Lipton’s Journal/January 24, 1955/245

From Project Mailer

Put another way, the sociostatic mechanism in writers allows them each time to express their thought in the least dangerous way for society. So, depending on the kind of personality, the time, and the style and expression of homeodynamic urge and the sociostatic repression (In their philosophical extensions these are very different from id and super-ego—mainly because Freud saw id as generally “bad” and I see it as generally “good”—I am turning Freud on his head just as Marx turned Hegel on his head.)

Let’s repeat: the sociostatic repression always allows the writer the least dangerous (to society) expression of his vision. The homeodynamic demands the most. Given conditions, the compromise, to wit the work, is always the best possible expression, the most efficient compromise. Which is why I say homeostasis is the compromise of homeodynamism and sociostasis.[1]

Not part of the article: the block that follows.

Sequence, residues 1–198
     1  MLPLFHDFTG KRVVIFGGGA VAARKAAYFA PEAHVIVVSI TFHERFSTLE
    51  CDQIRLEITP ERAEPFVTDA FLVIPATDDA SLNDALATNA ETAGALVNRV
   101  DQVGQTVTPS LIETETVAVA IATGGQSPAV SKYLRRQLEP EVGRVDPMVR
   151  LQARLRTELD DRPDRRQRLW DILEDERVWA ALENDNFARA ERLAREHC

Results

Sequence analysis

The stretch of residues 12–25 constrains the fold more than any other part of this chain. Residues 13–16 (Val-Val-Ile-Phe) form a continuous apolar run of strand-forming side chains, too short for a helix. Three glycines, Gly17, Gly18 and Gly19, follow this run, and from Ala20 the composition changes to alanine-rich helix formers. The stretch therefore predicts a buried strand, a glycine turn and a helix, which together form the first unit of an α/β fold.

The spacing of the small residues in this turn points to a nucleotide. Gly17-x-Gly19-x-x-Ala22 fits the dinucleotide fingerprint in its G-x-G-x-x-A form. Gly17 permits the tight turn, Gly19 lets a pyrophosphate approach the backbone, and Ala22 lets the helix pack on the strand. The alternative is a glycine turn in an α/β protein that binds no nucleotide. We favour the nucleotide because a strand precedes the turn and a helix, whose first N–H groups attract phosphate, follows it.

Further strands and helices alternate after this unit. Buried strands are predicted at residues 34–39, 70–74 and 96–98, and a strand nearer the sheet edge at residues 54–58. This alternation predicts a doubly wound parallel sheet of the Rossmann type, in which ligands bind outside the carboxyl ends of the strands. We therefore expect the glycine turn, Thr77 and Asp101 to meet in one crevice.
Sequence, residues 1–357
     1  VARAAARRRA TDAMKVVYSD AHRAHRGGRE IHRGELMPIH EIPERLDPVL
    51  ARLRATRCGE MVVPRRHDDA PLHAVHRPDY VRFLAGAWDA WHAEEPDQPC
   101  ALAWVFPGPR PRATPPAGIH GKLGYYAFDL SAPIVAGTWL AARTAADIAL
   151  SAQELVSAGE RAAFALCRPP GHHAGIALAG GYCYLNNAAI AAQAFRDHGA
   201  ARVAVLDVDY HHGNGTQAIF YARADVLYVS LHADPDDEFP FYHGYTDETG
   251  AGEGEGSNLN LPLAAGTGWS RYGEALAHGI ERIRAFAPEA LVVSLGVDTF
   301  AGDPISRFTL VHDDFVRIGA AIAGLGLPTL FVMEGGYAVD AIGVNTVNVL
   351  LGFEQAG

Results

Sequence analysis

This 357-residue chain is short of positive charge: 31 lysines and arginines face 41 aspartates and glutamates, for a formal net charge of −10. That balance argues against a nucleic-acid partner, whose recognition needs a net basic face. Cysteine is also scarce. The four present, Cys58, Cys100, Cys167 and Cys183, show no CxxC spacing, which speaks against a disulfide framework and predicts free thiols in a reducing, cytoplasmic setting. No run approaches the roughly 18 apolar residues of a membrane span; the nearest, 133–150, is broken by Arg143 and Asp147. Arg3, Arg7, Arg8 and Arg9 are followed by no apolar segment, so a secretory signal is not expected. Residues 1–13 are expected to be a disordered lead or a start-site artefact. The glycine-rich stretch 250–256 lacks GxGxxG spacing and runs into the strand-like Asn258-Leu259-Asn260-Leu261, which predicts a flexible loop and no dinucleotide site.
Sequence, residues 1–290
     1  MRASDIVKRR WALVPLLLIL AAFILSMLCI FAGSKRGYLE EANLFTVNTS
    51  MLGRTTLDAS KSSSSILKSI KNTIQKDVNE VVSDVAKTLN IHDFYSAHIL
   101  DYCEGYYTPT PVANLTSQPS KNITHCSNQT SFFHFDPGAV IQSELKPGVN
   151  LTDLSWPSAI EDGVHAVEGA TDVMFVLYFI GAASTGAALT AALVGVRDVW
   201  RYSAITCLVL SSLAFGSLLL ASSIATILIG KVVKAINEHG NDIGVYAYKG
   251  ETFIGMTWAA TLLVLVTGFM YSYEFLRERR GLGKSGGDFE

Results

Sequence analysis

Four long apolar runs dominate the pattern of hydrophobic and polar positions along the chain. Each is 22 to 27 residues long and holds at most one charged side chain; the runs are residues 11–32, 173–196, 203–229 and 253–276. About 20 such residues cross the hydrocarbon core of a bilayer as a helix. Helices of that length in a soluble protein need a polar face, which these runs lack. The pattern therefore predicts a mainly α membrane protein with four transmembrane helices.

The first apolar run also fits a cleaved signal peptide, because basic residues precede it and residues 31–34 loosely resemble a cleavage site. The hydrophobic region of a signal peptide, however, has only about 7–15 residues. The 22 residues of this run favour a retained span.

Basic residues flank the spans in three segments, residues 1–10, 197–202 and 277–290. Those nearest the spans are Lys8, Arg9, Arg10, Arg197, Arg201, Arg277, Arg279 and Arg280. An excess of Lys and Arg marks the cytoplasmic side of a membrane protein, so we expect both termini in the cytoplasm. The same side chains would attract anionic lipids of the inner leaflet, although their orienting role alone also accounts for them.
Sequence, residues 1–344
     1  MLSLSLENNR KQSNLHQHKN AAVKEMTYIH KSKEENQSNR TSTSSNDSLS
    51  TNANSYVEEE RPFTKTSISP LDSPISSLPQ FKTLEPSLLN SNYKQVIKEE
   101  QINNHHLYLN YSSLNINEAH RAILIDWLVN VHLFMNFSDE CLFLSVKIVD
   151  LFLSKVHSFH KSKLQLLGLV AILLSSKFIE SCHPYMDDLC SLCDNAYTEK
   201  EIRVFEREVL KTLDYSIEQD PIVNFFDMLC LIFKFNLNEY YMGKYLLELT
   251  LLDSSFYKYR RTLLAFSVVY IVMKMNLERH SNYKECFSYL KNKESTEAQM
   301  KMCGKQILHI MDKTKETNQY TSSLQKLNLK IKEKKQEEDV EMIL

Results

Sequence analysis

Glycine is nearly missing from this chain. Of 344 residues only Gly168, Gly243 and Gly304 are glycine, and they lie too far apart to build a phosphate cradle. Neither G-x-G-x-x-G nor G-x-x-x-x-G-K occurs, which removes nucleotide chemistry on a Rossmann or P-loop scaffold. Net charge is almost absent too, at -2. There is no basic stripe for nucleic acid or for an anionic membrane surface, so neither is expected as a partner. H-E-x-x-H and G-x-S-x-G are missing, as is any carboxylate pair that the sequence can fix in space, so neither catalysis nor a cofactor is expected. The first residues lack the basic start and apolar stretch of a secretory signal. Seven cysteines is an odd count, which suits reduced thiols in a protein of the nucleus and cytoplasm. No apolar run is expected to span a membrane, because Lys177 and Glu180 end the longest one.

1. In a physiological sense, homeostasis is the normal condition of the body regulated by bodily processes that maintain a dynamically controlled equilibrium that counteract external influences. Mailer uses it in a slightly different way as the “most healthy act possible at any moment for the soul” (223) that resists sociostasis, or conformity to the imposed behaviors of the external world. Here, Mailer substitutes homeodynamism as a more accurate word to express the possible movement of the force of creativity, vitality, and rebellion in the individual.